Effects of HIV behavioral interventions for men who have sex with men - United States, 1988-2014
Men who have sex with men (MSM) in the United States continue to experience disproportionate HIV disease burden. Historically, most HIV prevention research has focused on reducing sexual risk behaviors through individual-level behavior change interventions. To date, behavioral interventions have not reduced HIV incidence among MSM and combination prevention approaches that package behavioral interventions with additive biomedical or structural interventions are now recommended. The last meta-analysis of HIV behavioral interventions for MSM was conducted in 2008. Since then sixteen new rigorous trials have been identified. New evidence and new recommendations justify an updated meta-analysis to identify the most promising and relevant features of behavioral interventions to be used in new combination approaches. This study aimed to calculate an updated effect size for MSM-specific HIV behavioral interventions, identify moderators of effect size, examine cumulative effect sizes over time, and describe trials that addressed more than one behavioral outcome (“integrated interventions”). (Abstract shortened by ProQuest.)^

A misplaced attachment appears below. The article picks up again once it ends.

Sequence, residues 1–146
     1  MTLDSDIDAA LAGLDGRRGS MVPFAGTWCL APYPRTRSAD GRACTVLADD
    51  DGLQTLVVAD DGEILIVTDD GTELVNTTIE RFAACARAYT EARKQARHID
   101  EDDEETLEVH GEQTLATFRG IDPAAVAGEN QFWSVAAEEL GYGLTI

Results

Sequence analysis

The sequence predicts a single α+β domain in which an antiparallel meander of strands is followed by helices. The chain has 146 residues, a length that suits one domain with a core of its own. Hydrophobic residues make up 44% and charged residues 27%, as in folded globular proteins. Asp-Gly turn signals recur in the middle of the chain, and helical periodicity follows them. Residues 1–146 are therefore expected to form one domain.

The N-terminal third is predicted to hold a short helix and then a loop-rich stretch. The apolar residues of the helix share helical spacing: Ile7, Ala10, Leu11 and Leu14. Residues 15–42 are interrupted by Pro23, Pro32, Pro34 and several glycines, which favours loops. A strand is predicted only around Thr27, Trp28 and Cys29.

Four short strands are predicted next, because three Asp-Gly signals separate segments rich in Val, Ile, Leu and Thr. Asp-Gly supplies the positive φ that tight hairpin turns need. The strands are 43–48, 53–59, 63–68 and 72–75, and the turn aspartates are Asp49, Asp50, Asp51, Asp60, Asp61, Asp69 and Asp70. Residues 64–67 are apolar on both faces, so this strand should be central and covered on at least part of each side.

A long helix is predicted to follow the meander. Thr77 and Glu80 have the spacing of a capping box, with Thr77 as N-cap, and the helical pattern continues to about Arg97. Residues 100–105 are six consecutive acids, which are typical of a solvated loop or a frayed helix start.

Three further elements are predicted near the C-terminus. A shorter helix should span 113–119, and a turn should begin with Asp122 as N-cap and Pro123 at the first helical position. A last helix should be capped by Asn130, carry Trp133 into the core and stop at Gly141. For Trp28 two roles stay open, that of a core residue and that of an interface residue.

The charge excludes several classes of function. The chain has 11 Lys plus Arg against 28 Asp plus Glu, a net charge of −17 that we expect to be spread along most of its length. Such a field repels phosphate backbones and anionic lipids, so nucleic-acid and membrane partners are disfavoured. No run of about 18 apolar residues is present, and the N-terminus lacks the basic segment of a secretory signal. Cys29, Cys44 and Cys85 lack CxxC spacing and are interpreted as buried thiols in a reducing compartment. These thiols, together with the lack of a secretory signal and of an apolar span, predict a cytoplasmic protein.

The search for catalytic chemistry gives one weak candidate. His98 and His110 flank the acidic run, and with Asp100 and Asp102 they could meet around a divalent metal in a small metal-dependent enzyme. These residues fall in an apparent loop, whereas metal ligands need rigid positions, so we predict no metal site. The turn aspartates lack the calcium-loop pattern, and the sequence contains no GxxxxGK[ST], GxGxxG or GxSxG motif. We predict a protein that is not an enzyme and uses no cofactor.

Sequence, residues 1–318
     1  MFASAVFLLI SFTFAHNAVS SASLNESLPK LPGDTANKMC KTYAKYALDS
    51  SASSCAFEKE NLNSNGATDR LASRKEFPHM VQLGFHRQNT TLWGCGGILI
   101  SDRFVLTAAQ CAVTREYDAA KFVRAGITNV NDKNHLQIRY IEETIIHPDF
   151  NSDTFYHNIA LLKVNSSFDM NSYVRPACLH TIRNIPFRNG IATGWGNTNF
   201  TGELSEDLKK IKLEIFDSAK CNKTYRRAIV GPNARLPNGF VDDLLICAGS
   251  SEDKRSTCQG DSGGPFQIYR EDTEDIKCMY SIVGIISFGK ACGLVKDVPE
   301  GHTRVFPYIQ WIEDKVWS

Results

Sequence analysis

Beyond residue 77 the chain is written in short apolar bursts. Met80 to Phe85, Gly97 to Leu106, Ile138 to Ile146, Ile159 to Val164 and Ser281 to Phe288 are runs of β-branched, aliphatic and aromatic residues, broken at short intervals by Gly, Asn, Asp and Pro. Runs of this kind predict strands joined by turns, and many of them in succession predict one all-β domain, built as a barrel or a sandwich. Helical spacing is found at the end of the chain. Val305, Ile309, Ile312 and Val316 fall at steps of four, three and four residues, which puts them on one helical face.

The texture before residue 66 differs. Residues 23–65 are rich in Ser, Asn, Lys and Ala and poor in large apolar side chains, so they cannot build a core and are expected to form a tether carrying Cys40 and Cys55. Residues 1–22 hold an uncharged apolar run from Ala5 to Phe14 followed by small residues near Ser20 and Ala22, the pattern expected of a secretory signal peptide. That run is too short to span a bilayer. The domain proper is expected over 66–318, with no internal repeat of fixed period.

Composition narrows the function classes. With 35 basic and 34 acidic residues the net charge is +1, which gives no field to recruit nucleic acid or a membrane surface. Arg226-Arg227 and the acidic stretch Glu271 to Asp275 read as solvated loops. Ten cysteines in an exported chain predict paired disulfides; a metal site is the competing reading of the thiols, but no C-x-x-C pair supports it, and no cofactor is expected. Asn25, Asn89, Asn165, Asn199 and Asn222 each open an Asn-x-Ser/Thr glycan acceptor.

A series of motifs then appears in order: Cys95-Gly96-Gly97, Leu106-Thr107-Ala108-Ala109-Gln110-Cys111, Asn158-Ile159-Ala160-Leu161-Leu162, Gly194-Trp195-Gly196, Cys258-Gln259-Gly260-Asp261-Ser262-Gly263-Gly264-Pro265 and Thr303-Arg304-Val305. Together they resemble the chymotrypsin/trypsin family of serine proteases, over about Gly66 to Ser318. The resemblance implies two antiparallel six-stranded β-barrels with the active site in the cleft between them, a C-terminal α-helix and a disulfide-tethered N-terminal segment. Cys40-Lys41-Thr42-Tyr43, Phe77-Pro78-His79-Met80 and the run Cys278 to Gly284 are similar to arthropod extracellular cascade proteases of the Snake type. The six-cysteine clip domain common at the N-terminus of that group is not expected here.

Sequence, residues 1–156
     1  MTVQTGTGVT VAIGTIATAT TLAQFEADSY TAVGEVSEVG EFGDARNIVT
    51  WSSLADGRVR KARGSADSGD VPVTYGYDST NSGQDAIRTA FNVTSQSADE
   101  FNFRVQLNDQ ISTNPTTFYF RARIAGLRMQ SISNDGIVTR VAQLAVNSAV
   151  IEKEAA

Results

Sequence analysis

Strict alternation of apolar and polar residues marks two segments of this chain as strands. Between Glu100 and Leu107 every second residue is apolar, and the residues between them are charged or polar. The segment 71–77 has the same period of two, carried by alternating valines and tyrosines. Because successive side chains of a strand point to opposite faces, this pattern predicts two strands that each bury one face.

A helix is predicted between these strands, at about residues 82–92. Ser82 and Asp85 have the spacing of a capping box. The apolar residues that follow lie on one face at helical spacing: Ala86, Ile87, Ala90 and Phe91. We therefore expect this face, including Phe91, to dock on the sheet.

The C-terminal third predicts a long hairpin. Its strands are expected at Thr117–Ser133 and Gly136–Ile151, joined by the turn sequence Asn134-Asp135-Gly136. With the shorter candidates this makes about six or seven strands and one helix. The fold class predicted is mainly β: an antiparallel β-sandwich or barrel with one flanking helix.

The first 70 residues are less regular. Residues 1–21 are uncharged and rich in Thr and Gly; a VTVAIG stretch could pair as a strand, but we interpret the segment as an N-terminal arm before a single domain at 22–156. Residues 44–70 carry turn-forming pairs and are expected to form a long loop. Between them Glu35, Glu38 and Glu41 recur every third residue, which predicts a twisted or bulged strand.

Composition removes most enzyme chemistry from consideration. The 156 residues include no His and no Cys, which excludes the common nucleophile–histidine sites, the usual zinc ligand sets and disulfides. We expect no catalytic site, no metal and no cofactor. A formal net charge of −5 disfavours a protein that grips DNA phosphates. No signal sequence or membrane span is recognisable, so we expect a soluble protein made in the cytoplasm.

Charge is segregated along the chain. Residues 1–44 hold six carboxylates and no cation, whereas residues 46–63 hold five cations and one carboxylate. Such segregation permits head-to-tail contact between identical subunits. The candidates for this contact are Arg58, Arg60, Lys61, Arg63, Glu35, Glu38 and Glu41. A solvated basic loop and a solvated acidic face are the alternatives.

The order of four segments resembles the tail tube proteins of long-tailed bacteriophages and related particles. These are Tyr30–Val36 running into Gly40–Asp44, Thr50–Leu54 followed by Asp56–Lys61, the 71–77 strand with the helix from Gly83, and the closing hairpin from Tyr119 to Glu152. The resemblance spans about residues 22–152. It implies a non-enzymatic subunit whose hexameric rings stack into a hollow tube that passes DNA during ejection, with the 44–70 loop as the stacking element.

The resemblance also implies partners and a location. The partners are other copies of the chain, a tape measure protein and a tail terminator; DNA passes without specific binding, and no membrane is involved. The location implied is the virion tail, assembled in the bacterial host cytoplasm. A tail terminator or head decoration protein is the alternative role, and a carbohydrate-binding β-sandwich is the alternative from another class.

Public health|Behavioral sciences|Quantitative psychology
H. Elsa Larson,
"Effects of HIV behavioral interventions for men who have sex with men - United States, 1988-2014"
Dissertations and Master's Theses (Campus Access).